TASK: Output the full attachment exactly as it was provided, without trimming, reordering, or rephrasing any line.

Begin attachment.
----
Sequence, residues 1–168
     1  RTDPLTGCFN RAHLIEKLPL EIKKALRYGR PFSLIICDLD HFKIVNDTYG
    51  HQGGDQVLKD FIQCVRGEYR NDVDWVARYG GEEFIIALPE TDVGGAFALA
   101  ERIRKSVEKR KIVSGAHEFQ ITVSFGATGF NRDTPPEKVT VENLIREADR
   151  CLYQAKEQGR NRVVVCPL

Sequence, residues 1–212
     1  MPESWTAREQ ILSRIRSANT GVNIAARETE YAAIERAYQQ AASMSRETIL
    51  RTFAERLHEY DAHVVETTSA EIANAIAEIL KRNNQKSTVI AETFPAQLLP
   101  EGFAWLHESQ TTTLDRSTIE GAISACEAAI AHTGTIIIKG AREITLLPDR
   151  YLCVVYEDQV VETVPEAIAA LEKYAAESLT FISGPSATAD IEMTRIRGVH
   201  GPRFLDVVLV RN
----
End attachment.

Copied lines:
Sequence, residues 1–168
     1  RTDPLTGCFN RAHLIEKLPL EIKKALRYGR PFSLIICDLD HFKIVNDTYG
    51  HQGGDQVLKD FIQCVRGEYR NDVDWVARYG GEEFIIALPE TDVGGAFALA
   101  ERIRKSVEKR KIVSGAHEFQ ITVSFGATGF NRDTPPEKVT VENLIREADR
   151  CLYQAKEQGR NRVVVCPL

Sequence, residues 1–212
     1  MPESWTAREQ ILSRIRSANT GVNIAARETE YAAIERAYQQ AASMSRETIL
    51  RTFAERLHEY DAHVVETTSA EIANAIAEIL KRNNQKSTVI AETFPAQLLP
   101  EGFAWLHESQ TTTLDRSTIE GAISACEAAI AHTGTIIIKG AREITLLPDR
   151  YLCVVYEDQV VETVPEAIAA LEKYAAESLT FISGPSATAD IEMTRIRGVH
   201  GPRFLDVVLV RN